Several incidental crossovers between these shows occur, but one of the most interesting is when the Sealab 2021 episode “Murphy Murph & the Feng Shui Bunch” turns out to actually be a video game that’s being played by Meatwad and Master Shake from Aqua Teen Hunger Force.

5 An Outdated And Controversial Character Is Shipped Off To Springfield

South Park And The Simpsons

<!–[if IE 9]> <![endif]–>South Park's Mr. Hankey arrives in Springfield and meets Apu

South Park is one of the smartest social satires of this generation, and it continues to challenge norms and lampoon the world after more than 25 seasons. South Park has a two-part attack on Family Guy that culminates in a fight through the animation studios at FOX.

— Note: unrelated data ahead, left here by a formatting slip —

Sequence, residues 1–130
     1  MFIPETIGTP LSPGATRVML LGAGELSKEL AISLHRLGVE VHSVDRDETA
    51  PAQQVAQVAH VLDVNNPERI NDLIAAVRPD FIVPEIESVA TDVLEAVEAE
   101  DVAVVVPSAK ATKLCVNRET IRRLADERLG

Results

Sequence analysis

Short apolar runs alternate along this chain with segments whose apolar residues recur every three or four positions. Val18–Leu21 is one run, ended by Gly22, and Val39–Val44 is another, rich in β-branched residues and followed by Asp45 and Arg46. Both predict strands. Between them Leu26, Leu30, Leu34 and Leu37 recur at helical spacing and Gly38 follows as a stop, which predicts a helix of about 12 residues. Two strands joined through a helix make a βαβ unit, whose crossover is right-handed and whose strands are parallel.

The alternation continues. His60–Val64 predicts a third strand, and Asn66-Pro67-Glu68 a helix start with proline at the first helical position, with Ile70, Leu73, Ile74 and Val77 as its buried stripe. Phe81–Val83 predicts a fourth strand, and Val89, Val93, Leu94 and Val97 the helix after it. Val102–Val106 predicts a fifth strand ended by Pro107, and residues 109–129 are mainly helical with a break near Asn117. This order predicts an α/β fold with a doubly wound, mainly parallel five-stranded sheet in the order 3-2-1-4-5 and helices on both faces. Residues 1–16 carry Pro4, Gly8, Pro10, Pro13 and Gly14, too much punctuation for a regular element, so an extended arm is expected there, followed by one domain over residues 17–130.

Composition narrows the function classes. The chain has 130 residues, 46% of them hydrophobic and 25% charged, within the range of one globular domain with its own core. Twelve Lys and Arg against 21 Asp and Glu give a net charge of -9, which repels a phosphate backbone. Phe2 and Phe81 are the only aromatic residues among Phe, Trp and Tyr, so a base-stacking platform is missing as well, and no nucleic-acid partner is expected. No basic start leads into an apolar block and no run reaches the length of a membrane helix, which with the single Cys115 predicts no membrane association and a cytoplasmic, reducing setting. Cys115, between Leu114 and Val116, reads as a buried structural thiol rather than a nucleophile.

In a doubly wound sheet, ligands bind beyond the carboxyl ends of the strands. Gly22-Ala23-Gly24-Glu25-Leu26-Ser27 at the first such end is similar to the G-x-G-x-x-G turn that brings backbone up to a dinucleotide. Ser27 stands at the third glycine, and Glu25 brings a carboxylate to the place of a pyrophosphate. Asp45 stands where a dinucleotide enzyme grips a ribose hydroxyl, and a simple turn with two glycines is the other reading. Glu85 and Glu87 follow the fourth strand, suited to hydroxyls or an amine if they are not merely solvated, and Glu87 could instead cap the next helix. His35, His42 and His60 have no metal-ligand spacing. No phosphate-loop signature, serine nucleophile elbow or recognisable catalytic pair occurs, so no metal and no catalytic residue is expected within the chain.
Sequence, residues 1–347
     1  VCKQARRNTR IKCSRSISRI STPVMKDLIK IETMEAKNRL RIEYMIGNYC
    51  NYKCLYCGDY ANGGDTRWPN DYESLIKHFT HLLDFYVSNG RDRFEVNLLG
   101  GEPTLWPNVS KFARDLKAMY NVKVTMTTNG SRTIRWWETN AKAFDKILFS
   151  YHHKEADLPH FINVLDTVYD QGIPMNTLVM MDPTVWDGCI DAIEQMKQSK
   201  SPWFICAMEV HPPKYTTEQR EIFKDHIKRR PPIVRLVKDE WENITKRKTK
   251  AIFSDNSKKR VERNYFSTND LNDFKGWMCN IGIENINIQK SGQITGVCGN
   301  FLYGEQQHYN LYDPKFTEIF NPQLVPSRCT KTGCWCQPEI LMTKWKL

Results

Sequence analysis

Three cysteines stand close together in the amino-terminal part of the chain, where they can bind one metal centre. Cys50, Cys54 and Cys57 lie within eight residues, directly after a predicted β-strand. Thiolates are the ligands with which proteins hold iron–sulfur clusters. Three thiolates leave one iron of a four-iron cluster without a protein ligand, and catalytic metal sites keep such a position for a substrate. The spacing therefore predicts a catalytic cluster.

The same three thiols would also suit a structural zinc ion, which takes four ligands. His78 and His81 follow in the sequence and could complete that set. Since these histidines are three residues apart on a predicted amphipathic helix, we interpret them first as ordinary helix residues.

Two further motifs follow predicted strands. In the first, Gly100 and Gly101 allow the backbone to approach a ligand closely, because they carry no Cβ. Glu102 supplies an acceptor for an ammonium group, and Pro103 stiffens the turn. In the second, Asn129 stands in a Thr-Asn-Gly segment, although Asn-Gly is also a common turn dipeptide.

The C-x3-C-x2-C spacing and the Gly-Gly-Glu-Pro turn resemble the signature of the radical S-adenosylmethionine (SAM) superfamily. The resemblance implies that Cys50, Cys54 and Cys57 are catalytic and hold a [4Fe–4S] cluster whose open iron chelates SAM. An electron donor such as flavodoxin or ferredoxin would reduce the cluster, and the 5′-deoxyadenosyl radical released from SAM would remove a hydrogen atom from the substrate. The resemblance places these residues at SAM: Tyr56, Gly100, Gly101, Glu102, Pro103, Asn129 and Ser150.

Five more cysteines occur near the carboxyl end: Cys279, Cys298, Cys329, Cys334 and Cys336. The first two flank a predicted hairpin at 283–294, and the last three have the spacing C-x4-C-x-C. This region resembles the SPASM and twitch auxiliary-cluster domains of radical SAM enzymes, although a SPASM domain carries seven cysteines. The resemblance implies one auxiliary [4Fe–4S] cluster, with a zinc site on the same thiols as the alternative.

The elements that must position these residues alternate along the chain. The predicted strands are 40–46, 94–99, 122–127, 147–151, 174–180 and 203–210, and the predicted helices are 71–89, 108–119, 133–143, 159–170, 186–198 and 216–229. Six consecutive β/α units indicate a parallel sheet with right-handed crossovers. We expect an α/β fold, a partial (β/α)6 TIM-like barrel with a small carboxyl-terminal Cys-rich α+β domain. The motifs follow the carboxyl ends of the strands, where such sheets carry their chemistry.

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However, a proper crossover that connects these worlds occurs in season 22’s “The Problem With a Poo,” which cleverly deconstructs cancel culture and pokes fun at The Simpsons‘ controversy with their Apu character. The South Park episode ends with Mr. Hankey’s banishment from the Colorado town, but he’s ultimately accepted by Springfield, and Apu specifically welcomes him to the community.

4 The Ultimate Problem Child Gets Too Real For An FBI Agent

Family Guy And Bones

<!–[if IE 9]> <![endif]–>Family Guy's Stewie Griffin taunts Booth in Bones

Bones was a reliable crime procedural on FOX that’s neither a cartoon nor a comedy, but there’s a light-hearted nature to the series that opens it up to experimentation. Bones and Family Guy have both indulged in some unusual crossovers, but the strangest occurs between the two of them.